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Beyond the Blurb: On Critics and Criticism. Published by Cow Eye Press
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THE LITERARY SPHERE: TAKING CRITICISM ONLINE

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THE IDEA OF LITERATURE

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LITERARY AESTHETICS

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LITERATURE IN THE UNIVERSITY

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LET'S REVIEW: BOOK REVIEWING AS LITERARY CRITICISM

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08/06/2007

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Richard

To read the SF-partisans, I wouldn't be surprised to see Orlando claimed as science fiction (as written by a writer "using genre to further her literary worth") because of its premise.

In any event, you've hit on one of the reasons why I find this "debate" so tiresome. And I think realism to these readers means rather tautologically nothing more than, somehow, "not-fantasy" or "not-science fiction". It means fiction that "takes place" in the "normal world" (no clones, no time travel, no apocalypse). This has always struck me as a pointless way of looking at things. I think your characterization of it makes more sense.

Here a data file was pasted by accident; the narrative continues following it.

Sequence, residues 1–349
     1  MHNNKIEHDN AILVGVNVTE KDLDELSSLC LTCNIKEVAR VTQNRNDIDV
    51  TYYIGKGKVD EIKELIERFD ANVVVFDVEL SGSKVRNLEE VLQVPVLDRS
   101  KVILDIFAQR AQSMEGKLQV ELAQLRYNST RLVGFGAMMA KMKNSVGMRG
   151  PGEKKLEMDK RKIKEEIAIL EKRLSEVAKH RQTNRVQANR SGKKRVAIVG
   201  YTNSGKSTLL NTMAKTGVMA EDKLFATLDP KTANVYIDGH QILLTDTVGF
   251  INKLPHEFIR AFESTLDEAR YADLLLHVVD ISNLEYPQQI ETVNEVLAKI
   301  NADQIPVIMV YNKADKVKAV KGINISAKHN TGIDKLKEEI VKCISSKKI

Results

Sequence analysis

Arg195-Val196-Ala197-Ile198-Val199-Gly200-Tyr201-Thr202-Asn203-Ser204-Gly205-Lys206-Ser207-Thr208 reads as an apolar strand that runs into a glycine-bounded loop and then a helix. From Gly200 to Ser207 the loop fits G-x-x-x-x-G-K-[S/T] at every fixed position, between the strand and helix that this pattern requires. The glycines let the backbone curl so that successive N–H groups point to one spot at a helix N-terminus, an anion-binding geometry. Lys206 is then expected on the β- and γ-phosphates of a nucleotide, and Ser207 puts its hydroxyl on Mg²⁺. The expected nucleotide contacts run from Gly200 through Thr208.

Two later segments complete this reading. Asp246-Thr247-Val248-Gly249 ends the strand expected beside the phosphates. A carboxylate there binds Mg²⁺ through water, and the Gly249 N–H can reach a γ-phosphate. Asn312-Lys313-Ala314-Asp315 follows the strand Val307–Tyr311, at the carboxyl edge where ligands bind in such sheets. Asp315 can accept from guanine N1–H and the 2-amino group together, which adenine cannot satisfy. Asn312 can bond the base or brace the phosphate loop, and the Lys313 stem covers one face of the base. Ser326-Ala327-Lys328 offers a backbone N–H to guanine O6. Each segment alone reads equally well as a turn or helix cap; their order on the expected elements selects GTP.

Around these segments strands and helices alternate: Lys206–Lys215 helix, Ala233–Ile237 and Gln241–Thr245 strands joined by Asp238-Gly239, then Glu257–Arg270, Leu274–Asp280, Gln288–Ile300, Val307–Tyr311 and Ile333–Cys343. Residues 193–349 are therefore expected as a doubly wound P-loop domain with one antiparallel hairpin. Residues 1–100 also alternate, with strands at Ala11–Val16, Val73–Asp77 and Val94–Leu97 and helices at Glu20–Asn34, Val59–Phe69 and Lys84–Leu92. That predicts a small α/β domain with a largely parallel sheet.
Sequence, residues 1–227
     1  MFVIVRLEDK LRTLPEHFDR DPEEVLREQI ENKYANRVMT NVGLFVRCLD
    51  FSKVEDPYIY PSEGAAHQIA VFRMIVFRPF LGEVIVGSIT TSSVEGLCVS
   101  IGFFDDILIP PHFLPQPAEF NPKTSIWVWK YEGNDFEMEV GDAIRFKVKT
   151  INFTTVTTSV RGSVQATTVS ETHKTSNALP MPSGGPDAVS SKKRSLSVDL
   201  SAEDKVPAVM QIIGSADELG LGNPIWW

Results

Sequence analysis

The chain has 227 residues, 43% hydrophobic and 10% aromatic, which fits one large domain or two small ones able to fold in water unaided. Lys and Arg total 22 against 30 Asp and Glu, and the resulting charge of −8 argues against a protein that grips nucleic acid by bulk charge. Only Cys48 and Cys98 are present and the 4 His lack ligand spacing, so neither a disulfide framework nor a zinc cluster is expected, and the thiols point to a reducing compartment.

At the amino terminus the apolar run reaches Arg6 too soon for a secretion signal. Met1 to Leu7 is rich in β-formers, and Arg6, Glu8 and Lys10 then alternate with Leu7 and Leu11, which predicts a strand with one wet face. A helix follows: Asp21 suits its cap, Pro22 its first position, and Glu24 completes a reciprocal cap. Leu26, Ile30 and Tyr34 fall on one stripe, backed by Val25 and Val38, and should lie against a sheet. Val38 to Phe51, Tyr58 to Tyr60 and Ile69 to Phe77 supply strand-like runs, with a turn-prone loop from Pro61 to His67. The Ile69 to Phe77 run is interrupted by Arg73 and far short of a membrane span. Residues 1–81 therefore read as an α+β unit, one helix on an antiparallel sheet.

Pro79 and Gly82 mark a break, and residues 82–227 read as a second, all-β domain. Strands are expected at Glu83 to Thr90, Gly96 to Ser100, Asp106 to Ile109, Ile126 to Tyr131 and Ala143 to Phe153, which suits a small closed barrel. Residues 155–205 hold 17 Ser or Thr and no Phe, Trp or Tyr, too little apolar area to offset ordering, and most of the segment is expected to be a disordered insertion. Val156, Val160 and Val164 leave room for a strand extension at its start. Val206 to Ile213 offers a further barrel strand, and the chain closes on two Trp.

I suspect that the writers you suggest as being "the important postwar, postmodern "artistic" fiction" writers are not, Nabokov aside, likely to be the same writers considered by those so wrapped up in this discussion as the important ones of the same period. But, regardless, given the terms of my second paragraph, they might for the most part be thought of as blandly "realist" anyway.

Jonathan Mayhew

Science-fiction and fantasy elements can easily be a part of experimental "literary" fiction: Vonnegut, Calvino, Barthelme come to mind. Not being realists in the first place, they are more open to genre fiction in its less realistic aspects, just as Auster is open to noir influences, precisely by not being a realist. So "artistic literature" is not dominated at all by an exclusion of fantasy.

Science-fiction is marginalized from "literary fiction," to the extent that it is marginalized, because it often doesn't aspire to be "literary fiction." Isn't that a simpler answer?

Mike Lerch

Just wanted to toss my hat into the ring: I'm an avid SF/F reader and especially enjoy Dan Simmons, Neal Stephenson, Neil Gaiman, Orson Scott Card, and William Gibson. I was recently introduced to Cormac McCarthy by a fellow SF/F/Horror fan who told me to read "The Road" as it was not only remarkably written but stood to him as the bleakest book he'd ever read. I read it and enjoyed and admired it tremendously, so much so that I looked for more of his work and read No Country For Old Men, which I also very much enjoyed.

Just wanted to say here's one reader who enjoys Cormac McCarthy as well as Dan Simmons and William Gibson (though I have to confess I'm not a big fan of Updike, lol).

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